The Colorado from Watershed is a duffel designed to keep your gear dry in the wettest conditions. It’s one of the many purpose-built bags from a company that knows a thing or two about staying dry. These bags are used on rivers, lakes, and oceans around the world. In addition to supplying outdoor enthusiasts, the United States military is one of their clients. With recent hurricanes wreaking havoc along the coast, it seems like a good time to highlight their products. Â And each September, for National Preparedness Month, we try to share outdoor gear that can double as emergency gear. The Colorado is a great example. If you’re not out on the river every weekend, why not use it to store some or all of your 72 hour kit?
Dimensions are 18″H x 31″L x 16″W with a 28 inch ZipDry closure. That’s 105 liters (6,400 cubic inches), which we found is just enough for the three of us. Four compression straps and six lashing points come in handy for travel. It quickly attaches to your boat or raft, but also a roof rack, or just tie it down in a truck bed. For lifting and carrying, the padded handles are more than comfortable. Construction of the waterproof Colorado is impressive. The bag itself resists abrasion, UV rays, most chemicals, and is temperature stable. It’s made from sheets of polyurethane film, layered onto backpack-grade nylon with RF welded seams. This results in a material that is airtight, and very durable. Further, each and every dry bag gets an inspection, so it’s delivered to you 100% leak proof. All the webbing, hardware, and stitching is mil-spec as well.
It’s easy enough to squeeze the waterproof ZipDry seal shut. Simple instructions are included for purging or adding air. This helps when you need it submersible, or want it to float. Fold it over, snug down the compression straps, and you’re set. Of course, opening that tough seal would be hard work without the built-in finger loops. They are offset on the opening, and make it easy to break the seal and open the bag. It’s all well thought out, like everything else about Watershed products.
Flooding is not a huge concern in our part of Utah’s high desert. But long and cold winters are. Loss of power, loss of heat, and the resulting freezing pipes are a viable threat. A realistic scenario for us would be a winter power outage lasting a day or two. So we packed it with items we’d want for that event. If we had to hunker down at home, or go stay with family, our needs would be mostly the same. We designed our winter kit around that, with some of the same stuff we keep ready for warm weather emergencies.
Since the Colorado is bigger than a simple “Bug Out Bag”, we used it in addition to our individual packs. To that end, we threw in 3 sleeping bags, and a change of warm clothes for each of us. On top of that, we added a Jetboil stove, extra gas, and several days worth of Mountain House meals, plus some jerky and energy bars. Just in case, I included some foil packets of water, but we have water storage at home, and we could always boil snow if no safe running water was available. A weather radio with solar panel, solar charger, LED flashlights and a lantern rounded out the bulk of this kit. All of our packs also contain basic first aid kits, but there was room for one in the Colorado as well. At 31 inches, a handgun and/or certain defensive shotguns and carbines would fit too.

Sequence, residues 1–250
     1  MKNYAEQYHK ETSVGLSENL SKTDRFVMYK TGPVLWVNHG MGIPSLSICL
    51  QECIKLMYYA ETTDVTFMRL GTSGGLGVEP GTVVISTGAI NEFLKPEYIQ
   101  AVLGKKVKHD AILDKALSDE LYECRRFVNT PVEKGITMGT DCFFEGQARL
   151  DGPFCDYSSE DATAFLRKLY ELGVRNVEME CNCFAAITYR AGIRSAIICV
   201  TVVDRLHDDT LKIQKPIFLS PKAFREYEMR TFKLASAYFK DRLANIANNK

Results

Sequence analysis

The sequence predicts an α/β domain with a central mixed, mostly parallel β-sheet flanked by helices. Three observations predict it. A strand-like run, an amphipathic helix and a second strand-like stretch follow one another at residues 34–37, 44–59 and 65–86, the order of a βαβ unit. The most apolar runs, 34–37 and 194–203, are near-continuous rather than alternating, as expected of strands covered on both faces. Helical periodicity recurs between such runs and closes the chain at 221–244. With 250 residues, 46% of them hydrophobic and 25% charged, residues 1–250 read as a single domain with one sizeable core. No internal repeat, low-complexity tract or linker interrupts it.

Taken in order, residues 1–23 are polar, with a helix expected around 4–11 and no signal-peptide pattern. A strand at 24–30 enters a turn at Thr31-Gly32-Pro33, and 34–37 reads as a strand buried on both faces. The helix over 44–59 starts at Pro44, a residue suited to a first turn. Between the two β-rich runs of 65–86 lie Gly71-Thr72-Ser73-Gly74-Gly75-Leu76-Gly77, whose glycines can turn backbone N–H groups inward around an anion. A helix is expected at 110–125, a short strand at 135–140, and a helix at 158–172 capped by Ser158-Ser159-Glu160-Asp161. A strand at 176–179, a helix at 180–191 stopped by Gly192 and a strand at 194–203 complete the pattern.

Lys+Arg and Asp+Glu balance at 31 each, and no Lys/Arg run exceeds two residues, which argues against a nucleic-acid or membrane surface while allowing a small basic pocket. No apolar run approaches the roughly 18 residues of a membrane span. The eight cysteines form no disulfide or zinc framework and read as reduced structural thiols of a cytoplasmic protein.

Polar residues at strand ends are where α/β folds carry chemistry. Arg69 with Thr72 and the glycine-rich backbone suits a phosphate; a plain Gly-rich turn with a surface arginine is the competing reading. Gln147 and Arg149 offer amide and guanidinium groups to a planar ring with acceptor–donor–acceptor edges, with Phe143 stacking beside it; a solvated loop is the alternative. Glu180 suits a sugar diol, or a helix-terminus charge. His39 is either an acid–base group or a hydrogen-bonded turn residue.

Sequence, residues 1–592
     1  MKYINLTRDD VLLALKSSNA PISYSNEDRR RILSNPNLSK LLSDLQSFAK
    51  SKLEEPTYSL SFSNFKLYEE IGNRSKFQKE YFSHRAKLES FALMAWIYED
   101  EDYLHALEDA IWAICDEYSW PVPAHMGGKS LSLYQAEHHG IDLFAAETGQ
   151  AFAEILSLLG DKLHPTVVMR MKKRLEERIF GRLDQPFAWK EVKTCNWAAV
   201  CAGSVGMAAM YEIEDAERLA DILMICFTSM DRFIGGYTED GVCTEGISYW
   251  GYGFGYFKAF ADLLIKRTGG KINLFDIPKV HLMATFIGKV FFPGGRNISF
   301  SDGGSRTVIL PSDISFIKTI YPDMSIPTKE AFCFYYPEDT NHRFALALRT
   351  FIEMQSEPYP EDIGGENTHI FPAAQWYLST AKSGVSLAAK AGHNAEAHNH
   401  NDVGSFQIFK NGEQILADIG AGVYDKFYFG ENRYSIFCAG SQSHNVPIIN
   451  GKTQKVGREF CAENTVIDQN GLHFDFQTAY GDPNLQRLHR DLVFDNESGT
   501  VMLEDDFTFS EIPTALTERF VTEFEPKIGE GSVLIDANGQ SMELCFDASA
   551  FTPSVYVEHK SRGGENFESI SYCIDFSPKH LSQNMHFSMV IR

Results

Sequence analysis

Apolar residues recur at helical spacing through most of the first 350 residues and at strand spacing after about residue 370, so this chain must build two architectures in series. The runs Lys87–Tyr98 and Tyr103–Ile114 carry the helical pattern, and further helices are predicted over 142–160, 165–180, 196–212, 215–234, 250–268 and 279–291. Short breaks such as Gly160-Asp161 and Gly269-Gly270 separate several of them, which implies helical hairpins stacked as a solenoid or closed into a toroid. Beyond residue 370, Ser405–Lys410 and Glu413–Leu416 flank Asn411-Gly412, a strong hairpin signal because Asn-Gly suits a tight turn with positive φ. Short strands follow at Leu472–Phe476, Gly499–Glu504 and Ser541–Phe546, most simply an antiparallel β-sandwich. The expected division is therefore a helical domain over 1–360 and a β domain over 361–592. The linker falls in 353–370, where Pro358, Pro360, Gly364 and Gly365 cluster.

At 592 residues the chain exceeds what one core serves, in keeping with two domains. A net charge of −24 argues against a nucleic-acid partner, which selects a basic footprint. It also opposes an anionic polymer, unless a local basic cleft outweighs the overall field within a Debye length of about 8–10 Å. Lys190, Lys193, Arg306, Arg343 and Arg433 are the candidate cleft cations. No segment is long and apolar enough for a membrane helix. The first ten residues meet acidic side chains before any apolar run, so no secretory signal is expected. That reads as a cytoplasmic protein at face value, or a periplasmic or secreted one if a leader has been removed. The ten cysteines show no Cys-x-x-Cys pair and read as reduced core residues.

Even fully loaded, I could probably find room in there for a tent, especially if I was only packing for two people. But the odds of not having any sort of shelter in the winter are very slim. It’s far more likely that we would end up huddled together in one room to stay warm. And if we had to go stay with friends or family, sleeping bags mean we can crash on the floor anywhere. During the summer, I would be more inclined to put the sleeping bags back in our individual packs. That would leave more room for a tent, plus more food and water. Note that if you’re using it for fishing, hunting, or some other application, they have more color choices besides orange. Blue, coyote, black, and even MultiCam (for a 25% premium) is available.
I am not a “prepper” by any definition. But it only took one event (the 1994 Northridge earthquake) to make me realize the importance of being prepared. Most of us will hopefully never experience a catastrophe of that size. It’s far more likely we’ll be without utilities and amenities for a few days. Preparedness for that can mean the difference between misery and comfort. Which brings me back to Watershed, and their dry bags. There’s a reason they are the choice of river guides around the world. They keep their contents clean and dry under harsh conditions. So get one or more for your outdoor adventures. I can’t think of a better way to store some of your emergency essentials when not being used for that. Find them at drybags.com.
I’d like to thank Watershed for sending their Colorado duffel for our use and review. We’re hoping to put it to use during warmer months as well, when we get out into the canyons or up into the mountains.
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